Thursday, July 18, 2013

Life at Our Age

We had three guest speakers today: Adnan, Will and Emily. They didn't come with a prepared lecture or activities, but instead gave us the freedom to decide where we wanted to go in our discussions today. We began by exploring ageism and how we feel as teenagers. People shared moments when they felt oppressed because of their youth and the frustrations involving being treated like a child and expected to act like an adult. Adnan explained that we really have the power, though, because even simply putting up with our parents or teachers is taking care of them which they need. 

I spent a lot of my lunch break discussing the class with the TAs and some friends. Conversational opportunities about the topics we cover in class never run out. When we returned, we discussed the SATs. Most people in our class thought it was not a good representation of intelligence, but a few thought it was the best possible option. Today, I realized there were a couple people in our class who had more conservative beliefs and felt badly because the rest of the class has opposite views. When we broke up into smaller groups, I stayed with these people because I was curious how this class was for them. We spent the hour discussing how they would like to see both sides instead of always one. They suggested we bring in a Wall Street banker to talk to us or having a debate. I think this could be an interesting experience, although I personally would most likely disagree on what  they had to say, it's still good to become educated about it.

Personally, I came into this program not knowing much about politics or the economy. I found that I agree with most of what is brought up in Social Justice, but not 100% of it. I do not know what I label myself yet, but I am interested in finding out about more parties. Hopefully, by the end of next week I will have a clearer idea!


  1. I'm proud to read that you are so open-minded. An intelligent individual always looks at both sides, whether he's conservative or liberal.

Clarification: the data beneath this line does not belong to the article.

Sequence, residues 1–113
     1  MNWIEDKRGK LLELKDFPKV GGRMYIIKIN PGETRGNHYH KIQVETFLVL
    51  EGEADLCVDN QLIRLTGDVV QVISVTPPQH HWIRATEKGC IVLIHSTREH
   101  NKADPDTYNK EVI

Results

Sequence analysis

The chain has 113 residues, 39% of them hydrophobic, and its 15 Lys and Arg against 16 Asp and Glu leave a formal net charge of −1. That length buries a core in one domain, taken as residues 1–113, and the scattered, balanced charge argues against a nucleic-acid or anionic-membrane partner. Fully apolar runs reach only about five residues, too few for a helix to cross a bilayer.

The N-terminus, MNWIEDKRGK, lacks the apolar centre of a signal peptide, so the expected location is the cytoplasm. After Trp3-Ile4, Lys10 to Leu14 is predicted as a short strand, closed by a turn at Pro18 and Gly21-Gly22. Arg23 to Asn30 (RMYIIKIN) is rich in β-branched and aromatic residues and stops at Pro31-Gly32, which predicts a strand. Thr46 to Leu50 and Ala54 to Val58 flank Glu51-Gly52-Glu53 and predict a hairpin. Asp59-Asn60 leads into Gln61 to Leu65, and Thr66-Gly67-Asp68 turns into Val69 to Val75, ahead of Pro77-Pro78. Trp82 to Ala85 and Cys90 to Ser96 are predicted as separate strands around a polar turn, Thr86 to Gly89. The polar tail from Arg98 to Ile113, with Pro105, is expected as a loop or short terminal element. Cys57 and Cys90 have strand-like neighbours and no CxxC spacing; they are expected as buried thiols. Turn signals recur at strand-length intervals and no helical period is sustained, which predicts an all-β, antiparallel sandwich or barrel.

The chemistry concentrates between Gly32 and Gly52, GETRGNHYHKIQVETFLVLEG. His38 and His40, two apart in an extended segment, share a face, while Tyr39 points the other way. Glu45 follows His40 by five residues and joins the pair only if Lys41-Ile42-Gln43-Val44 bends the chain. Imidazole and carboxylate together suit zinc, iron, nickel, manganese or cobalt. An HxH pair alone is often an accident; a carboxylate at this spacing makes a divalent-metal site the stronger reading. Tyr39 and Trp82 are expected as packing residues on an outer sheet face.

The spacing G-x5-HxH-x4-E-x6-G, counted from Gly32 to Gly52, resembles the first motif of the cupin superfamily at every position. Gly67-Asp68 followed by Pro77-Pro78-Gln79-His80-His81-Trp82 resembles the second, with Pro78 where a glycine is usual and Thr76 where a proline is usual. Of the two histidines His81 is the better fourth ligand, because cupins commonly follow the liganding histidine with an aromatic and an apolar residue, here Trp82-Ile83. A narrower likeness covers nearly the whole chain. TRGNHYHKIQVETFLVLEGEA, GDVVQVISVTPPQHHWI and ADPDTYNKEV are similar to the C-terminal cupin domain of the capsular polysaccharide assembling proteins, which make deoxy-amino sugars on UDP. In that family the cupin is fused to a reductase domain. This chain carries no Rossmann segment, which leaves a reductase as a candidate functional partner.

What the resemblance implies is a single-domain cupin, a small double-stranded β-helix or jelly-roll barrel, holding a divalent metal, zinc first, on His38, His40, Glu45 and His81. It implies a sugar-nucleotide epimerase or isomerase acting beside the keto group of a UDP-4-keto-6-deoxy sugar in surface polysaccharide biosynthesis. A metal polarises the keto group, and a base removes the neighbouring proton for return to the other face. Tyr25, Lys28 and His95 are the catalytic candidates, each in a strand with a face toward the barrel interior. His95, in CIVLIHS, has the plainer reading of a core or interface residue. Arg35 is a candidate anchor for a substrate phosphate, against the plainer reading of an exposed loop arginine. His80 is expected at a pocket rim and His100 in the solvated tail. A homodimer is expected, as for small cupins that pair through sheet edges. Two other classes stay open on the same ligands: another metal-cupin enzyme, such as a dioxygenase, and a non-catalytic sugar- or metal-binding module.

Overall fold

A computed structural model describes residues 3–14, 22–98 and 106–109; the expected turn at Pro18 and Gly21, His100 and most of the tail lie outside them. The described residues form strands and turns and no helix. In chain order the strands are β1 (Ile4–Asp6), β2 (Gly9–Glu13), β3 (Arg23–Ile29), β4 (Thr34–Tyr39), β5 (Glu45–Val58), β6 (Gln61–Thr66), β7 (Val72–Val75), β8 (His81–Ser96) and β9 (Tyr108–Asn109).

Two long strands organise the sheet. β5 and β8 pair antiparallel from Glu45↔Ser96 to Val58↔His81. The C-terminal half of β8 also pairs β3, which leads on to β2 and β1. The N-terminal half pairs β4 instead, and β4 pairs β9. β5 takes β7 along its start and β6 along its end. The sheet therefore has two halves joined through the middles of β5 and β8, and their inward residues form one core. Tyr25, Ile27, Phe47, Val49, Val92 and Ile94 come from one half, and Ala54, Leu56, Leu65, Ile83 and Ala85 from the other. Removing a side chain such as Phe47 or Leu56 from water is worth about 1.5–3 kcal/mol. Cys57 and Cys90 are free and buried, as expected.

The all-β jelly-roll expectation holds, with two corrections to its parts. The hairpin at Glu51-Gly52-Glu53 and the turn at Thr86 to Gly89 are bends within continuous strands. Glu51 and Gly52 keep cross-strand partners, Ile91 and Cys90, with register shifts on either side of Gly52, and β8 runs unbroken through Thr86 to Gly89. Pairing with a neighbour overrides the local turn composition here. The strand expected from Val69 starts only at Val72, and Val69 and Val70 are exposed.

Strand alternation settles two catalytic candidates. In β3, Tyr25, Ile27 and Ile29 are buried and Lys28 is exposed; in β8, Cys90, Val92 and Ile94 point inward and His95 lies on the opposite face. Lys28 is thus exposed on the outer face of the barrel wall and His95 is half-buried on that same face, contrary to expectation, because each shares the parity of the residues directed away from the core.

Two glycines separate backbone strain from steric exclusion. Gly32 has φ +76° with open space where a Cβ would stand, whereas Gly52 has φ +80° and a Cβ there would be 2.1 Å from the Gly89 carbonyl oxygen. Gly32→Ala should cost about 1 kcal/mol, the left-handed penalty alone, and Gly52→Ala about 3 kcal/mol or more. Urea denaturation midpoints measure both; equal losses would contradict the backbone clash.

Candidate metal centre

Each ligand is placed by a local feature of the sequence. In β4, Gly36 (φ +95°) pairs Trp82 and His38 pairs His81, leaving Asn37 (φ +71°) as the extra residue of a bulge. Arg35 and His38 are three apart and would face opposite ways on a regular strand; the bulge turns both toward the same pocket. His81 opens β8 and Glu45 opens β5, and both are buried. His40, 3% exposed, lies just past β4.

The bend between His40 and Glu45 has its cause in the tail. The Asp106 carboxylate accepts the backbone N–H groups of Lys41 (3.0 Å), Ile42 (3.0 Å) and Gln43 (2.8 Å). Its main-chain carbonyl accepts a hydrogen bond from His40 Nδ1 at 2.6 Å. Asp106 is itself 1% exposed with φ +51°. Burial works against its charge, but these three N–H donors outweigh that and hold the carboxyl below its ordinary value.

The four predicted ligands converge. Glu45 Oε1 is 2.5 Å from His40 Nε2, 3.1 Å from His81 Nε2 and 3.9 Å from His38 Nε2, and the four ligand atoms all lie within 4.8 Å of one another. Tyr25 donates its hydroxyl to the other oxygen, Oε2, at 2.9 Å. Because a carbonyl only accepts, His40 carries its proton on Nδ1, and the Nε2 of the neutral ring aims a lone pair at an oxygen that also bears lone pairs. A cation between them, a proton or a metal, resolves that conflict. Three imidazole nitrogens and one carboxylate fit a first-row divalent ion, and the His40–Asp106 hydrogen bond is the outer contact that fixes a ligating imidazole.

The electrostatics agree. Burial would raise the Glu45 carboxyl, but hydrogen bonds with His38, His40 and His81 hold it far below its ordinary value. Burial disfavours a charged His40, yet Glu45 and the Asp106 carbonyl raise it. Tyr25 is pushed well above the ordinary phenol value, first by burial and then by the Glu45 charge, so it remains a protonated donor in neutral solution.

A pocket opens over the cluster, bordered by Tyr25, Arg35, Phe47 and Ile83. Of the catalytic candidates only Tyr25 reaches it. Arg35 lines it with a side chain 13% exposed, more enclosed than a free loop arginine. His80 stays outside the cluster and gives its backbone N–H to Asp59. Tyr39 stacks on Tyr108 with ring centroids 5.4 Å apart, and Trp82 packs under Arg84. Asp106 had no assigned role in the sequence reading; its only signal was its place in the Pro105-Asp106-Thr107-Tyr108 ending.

2. Your father speaks some wisdom here.

    I’m pretty set in my beliefs but I like to think that my mind is open to different ideas. This is why your blogs, chaperone evaluations and the Post Mortem Questionnaire are so important to us. We need to hear ideas, concepts and thoughts other than our own. In these areas we’ll listen to what you have to say and take it all into consideration as we make adjustments to the ILC.

    We can easily fool ourselves, Hannah, by thinking that the rest of the world thinks like we do here on the East Bay. Look at any Presidential election, though, and you’ll see that a large part of the country disagrees with the greater Bay Area on most subjects.

    Look at simple things like women’s rights, abortion, same sex marriage, racial and gender equality and a wide array of other issues and you’ll see viewpoints all over the map. Are they right and we’re wrong?

    Even having the Wall Street banker come in and speak to you might be very illuminating for you all.

    Even though you were bright enough to be selected for an ILC scholarship, by your own admission you’re still fairly ignorant about a lot of issues. We’d love to remedy that but we can only work on a couple of issues at as time (like blogging and time management).

    I’m pleased to read that you made an effort to meet with some of those people who are more conservative than the rest of the group. Not only can you learn from them but they can learn from you. Neither side had to win the other side over but knowing the ways of the other side is a valuable lesson and tool.